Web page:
New Meth Recipe Sidesteps State Laws


A new method of making methamphetamine — a highly addictive street drug that has caused law enforcement and public health problems from Oregon to Kentucky — is circumventing tough state laws that had been making headway against production of the drug.

The new method uses less of a key ingredient — pseudoephedrine — that states have made much harder to acquire in the hopes of thwarting meth producers, who buy the ingredient in bulk and use it to make meth in a dangerous and toxic chemical process.

Pseudoephedrine is found in many common cold and allergy medicines, so every state in recent years has restricted access to those medicines by requiring that they be sold behind store counters, limiting how much residents can buy in a month or going even further. As reported last month , for example, Oregon and Mississippi now require prescriptions for medicines like Sudafed and Claritin D while at least 10 states have set up or are in the process of setting electronic screening systems that do background checks on those who seek to buy products containing pseudoephedrine.

But as The New York Times reports today (April 15) , meth makers are sidestepping those laws by shifting from a mass-production model of meth — usually done in sprawling home meth labs — to a method that uses less pseudoephedrine and is often done on the move, including in cars, with the toxic remnants of the process strewn along roads and highways. The new method "requires only a few pills, a two-liter bottle and some common household chemicals," The Times reports, noting that the trick has caught on quickly.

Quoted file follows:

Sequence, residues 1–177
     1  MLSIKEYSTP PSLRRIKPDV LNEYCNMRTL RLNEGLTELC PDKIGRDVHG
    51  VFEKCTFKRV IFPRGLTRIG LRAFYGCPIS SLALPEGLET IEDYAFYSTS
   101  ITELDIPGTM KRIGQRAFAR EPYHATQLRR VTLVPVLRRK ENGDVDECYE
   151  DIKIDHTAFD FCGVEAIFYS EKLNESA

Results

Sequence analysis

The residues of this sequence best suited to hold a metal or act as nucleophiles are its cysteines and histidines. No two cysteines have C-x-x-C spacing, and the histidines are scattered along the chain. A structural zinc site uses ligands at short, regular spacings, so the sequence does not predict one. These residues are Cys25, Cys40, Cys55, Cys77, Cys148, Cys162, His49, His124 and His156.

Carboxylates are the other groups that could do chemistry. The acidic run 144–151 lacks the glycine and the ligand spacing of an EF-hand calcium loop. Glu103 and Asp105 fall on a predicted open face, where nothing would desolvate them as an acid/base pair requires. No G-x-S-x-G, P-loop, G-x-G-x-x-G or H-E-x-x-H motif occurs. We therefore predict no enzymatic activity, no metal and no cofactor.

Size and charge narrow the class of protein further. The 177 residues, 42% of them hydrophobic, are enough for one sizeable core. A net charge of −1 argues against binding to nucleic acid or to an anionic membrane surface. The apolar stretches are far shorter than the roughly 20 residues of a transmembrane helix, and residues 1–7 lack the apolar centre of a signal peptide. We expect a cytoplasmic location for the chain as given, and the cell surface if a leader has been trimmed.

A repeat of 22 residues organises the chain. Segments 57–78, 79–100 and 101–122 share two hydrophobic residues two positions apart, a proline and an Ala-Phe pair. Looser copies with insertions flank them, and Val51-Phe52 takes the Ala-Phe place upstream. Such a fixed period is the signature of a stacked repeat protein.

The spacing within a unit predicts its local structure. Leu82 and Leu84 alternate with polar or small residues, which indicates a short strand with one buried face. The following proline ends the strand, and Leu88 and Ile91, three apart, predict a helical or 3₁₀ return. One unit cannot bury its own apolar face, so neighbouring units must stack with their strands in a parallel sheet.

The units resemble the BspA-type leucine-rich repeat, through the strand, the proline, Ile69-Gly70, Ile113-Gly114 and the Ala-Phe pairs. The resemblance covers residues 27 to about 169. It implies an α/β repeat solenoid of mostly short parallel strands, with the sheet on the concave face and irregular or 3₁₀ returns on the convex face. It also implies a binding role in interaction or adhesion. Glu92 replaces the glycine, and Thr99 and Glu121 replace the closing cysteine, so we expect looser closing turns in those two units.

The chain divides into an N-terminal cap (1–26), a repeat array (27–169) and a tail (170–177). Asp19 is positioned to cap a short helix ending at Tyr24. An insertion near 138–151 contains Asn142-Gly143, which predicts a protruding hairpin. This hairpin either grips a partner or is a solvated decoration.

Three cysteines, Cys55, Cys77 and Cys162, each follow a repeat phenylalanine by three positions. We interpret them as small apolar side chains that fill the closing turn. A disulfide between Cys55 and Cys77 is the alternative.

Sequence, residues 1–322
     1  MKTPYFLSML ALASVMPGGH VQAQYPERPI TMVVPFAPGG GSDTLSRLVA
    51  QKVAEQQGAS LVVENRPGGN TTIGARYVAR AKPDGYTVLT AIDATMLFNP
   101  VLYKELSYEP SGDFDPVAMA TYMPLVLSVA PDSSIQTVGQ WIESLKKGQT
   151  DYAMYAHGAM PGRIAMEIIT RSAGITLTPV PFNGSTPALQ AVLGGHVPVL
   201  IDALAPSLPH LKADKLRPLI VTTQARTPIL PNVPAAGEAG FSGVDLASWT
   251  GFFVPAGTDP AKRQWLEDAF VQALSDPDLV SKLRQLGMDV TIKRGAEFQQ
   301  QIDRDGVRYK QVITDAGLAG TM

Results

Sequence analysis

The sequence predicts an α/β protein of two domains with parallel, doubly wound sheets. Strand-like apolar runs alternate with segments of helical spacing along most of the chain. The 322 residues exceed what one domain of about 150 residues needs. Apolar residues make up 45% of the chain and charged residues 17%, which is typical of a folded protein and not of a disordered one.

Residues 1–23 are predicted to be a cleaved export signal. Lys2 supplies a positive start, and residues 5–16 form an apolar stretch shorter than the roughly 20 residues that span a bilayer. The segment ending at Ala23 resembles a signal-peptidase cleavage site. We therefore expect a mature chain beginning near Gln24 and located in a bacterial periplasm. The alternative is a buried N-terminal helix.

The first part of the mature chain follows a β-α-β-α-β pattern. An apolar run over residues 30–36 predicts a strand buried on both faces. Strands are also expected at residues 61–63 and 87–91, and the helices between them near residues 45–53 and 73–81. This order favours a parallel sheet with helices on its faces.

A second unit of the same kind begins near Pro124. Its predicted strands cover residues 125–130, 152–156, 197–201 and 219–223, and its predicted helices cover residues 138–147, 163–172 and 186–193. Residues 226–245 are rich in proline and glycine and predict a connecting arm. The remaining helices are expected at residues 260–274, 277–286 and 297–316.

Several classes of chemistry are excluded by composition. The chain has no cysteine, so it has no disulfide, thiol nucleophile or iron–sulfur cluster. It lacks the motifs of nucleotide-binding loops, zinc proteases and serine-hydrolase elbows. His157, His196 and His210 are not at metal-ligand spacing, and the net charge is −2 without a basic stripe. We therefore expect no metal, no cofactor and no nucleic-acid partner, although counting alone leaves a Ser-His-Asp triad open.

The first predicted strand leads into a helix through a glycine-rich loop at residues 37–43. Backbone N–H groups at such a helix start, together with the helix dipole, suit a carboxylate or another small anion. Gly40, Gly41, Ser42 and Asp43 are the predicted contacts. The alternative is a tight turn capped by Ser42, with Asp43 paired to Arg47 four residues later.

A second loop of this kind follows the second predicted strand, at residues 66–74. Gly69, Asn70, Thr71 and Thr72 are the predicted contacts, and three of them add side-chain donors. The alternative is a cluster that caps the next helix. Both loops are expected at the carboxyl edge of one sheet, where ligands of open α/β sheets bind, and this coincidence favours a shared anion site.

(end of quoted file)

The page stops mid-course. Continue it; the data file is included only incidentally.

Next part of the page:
"In some states, officials estimate that the majority of meth lab seizures are now transportable ones, and that over the last two years, the mobile process has supplanted the home-based method of high-yield production that came to be one face of the meth scourge last decade," the paper says.

Indeed, in Oklahoma, which became the first state to put pseudoephedrine behind the pharmacy counter and is considered a leader in its anti-meth efforts, the new method of cooking the drug has resulted in a surge of new meth-lab incidents, The Oklahoman newspaper reported earlier this month .



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